Ultrarunner Dave Proctor dipped his trademark Smithbilt cowboy hat into the Salish Sea at Mile Zero in Victoria this morning at 5:45 a.m., as scheduled, to begin his quest for the cross-Canada speed record. Proctor aims to better Al Howie’s 72-day record, set in 1991, by six days while raising at least $1 million for research into rare diseases.
The run is called “Outrun Rare.” Proctor’s nine-year-old son Sam has RECA (relapsing encephalopathy with cerebellar ataxia), a rare disease characterized by motor and gait abnormalities that first manifested itself when he was a toddler and took six years to diagnose.
Proctor acknowledged Howie’s accomplishment, along with those of Terry Fox and Steve Fonyo, at the beach named for Fonyo this morning before setting off in the pre-dawn. He will be accompanied by his wife Sharon, publicist Stephanie Gillis-Paulgaard, and Wayne Gaudet in a support vehicle until he reaches Calgary (scheduled for July 6), where he will be joined by this three children in a second support vehicle for the remainder of the almost 8,000K run.
Dave Proctor – Day 1 Outrun Rare https://t.co/zKrBYgzNmy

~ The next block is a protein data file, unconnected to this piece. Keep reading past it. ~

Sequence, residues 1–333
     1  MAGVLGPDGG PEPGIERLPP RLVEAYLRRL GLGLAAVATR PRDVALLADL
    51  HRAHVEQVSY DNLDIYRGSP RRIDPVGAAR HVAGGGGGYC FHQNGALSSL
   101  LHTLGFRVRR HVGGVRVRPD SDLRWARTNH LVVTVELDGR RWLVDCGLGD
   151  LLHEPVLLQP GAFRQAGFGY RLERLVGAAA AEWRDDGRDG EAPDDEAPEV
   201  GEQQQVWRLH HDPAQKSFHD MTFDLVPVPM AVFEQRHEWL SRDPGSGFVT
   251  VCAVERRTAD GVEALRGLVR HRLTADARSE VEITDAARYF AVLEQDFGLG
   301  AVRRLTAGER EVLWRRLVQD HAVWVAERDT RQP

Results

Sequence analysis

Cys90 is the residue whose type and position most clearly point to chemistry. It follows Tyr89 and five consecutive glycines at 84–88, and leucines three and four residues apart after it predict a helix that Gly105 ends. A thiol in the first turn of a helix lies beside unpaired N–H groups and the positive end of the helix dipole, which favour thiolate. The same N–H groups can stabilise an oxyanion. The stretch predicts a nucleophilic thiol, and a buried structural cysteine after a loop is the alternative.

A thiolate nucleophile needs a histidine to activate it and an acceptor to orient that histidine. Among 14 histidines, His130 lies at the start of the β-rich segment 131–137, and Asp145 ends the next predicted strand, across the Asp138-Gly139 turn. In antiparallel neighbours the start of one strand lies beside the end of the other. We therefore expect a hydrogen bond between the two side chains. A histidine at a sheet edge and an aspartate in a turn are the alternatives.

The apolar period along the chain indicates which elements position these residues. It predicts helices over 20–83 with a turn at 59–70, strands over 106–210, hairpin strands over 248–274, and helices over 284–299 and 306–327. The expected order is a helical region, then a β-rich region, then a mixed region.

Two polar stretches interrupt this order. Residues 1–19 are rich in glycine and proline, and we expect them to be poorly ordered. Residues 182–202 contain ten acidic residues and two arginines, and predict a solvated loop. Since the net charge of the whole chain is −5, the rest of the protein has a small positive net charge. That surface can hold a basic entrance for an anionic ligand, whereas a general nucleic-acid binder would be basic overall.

— OutrunRare (@OutrunRare) June 27, 2018
Howie, who was born in Scotland and died in 2016 at age 70, was an eccentric and legendary ultrarunner who ran the length of Great Britain as well as across Canada, long before ultrarunning went mainstream, routinely winning marathons and ultramarathons across North America. He fundraised for the Elks and Royal Purple children’s charity during his cross-Canada trek in 1991.
Steve Fonyo ran across Canada on an artificial leg over 14 months in the mid-1980s to raise money for cancer research, his intention being to continue the legacy of Terry Fox, whose run across Canada was cut short by the return of the cancer that killed him not long afterwards. Fonyo has led a troubled life punctuated by violence and brushes with the law in the years since his run.